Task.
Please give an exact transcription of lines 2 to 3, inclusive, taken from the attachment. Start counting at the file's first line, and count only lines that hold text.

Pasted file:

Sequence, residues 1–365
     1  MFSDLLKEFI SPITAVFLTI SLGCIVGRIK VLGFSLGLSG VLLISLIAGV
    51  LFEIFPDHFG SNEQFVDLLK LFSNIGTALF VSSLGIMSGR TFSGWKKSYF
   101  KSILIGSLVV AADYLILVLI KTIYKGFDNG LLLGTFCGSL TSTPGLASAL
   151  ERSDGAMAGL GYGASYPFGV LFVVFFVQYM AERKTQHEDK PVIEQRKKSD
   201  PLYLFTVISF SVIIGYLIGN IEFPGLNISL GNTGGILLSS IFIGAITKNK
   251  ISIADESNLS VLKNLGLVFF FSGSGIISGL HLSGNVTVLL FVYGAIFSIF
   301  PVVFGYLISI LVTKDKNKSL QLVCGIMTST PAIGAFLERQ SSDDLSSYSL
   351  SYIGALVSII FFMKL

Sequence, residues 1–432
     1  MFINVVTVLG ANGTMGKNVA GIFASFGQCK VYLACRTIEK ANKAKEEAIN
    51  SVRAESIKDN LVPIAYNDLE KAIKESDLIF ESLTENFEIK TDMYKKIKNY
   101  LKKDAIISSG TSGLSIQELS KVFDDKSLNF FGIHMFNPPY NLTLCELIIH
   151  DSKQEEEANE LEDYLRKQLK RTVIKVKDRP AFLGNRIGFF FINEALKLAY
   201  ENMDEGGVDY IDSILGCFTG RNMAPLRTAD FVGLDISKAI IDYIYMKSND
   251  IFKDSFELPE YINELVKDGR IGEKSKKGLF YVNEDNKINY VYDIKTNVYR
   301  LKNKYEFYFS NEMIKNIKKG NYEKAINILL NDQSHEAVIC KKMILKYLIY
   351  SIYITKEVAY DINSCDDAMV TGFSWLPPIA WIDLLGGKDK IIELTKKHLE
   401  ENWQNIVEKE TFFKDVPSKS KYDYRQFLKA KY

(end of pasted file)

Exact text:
     1  MFSDLLKEFI SPITAVFLTI SLGCIVGRIK VLGFSLGLSG VLLISLIAGV
    51  LFEIFPDHFG SNEQFVDLLK LFSNIGTALF VSSLGIMSGR TFSGWKKSYF